Surveillance fallout hits startups hard, business executives say


FILE - A sign outside the National Security Administration (NSA) campus in Fort Meade, Md. (Patrick Semansky/AP)
January 15, 2014

Losing a major client is never easy, but it’s even harder when it happens due to something that’s out of your control.

It’s not that we don’t trust you, your client says one day over the phone. We just don’t trust your government.

That may sound familiar to anyone who followed Huawei’s troubles in the U.S. But this isn’t the case of a Chinese company losing American business. Clients in Europe, Asia and elsewhere are saying “no thank you” to American-made products for fear that they have flaws that government and other hackers can infiltrate, said Brough Turner, founder and chief technology office of netBlazr, a broadband company based in Watertown, Mass.

“It’s hard enough out there,” said Turner. He said that revelations that the National Security Agency can hack into the hardware of Cisco — and the resulting tumble the company saw in overseas demand — have been magnified for smaller companies. And these startups often don’t have the cushion of cash that major companies do to weather this storm, he said.

Hoping that lawmakers could be swayed by their financial concerns, Turner and executives from ThoughtWorks and Reddit hit the Hill this week to lobby lawmakers to support the USA FREEDOM Act, which would take steps to curb government surveillance programs and give companies more say about what kind of surveillance their products are used for.

The bill isn’t perfect but does move in the right direction, said Daniel Goodwin, chief financial officer of Thoughtworks, the software firm where Internet activist Aaron Swartz worked at the time of his death last year. The bill moves to end bulk collection of data under section 215 of the Patriot Act and to install a special citizen’s advocate in the Foreign Intelligence Surveillance Court. The bill would allow companies to report an estimate of how many FISA letters they receive, how many orders they comply with and how many accounts or users are affected by those requests.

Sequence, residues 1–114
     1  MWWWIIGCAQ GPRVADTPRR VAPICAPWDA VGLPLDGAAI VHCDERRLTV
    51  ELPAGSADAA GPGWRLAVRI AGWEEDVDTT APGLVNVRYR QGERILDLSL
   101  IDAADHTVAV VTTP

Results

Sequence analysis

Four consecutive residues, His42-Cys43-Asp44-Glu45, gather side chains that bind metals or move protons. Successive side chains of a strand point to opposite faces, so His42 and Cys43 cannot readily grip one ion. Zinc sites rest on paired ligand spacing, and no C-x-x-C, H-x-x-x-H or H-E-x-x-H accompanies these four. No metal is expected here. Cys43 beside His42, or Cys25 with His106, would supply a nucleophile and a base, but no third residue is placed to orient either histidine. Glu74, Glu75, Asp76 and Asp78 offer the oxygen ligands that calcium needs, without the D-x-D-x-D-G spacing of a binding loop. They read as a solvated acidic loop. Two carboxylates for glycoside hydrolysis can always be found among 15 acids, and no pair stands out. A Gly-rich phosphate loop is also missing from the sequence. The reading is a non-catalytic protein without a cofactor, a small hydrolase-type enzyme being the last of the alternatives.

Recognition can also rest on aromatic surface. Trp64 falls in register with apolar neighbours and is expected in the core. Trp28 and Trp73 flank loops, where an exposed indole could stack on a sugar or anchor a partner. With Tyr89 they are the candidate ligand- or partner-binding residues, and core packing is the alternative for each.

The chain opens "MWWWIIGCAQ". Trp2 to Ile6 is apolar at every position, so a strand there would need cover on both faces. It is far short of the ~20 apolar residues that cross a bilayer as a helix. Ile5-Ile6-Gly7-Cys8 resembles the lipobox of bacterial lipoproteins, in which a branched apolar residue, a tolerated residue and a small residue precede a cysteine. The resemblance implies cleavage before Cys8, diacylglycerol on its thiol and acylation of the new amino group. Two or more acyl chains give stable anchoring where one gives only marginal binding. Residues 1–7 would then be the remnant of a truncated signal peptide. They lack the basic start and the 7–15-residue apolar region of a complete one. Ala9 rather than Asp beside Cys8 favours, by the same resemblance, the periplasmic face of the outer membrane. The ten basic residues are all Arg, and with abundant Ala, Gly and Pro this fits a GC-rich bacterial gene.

Executives at major tech companies such as Google, Facebook, Microsoft, Yahoo and Apple have already said they want those changes. Companies that offer cloud services have also been vocal about the hit they’ve taken — 10 percent of foreign companies cancelled projects with U.S. providers as of July, according to the Cloud Security Alliance. But with so much focus on startups as an engine for the U.S. economy, these executives wanted to let lawmakers know how difficult the landscape has become.

“There’s a general erosion of slide of public trust; it affects all U.S. companies,” said Erik Martin, general manager at Reddit.

“Any Internet business is a global business,” said Matthew Simons, director of social and economic justice at ThoughtWorks. “Saying that surveillance isn’t in the U.S. doesn’t really help us. In fact, it makes some of our overseas clients feel insulted,” he said.

And while Turner, Goodwin, Martin and Simons all feel strongly that the current programs violate civil liberties, they said that their more business-focused approach has gotten them a more receptive response on the Hill. On Monday and Tuesday, the men met with staffers from eight offices on both sides of the aisle and in both houses of Congress.

In most cases, they said, lawmakers were open to their concerns, but also said that they wanted to hear what President Obama has to say on Friday, when he is slated to give a speech on NSA reform.

The surveillance, Simons noted, has shattered what little dialogue there had been between the intelligence and hacker communities. And that’s a problem the tech industry will have to deal with for a long time, Goodwin added.

“When companies can’t recruit top tech people, that makes us less secure,” he said.

Hayley Tsukayama covers consumer technology for The Washington Post.
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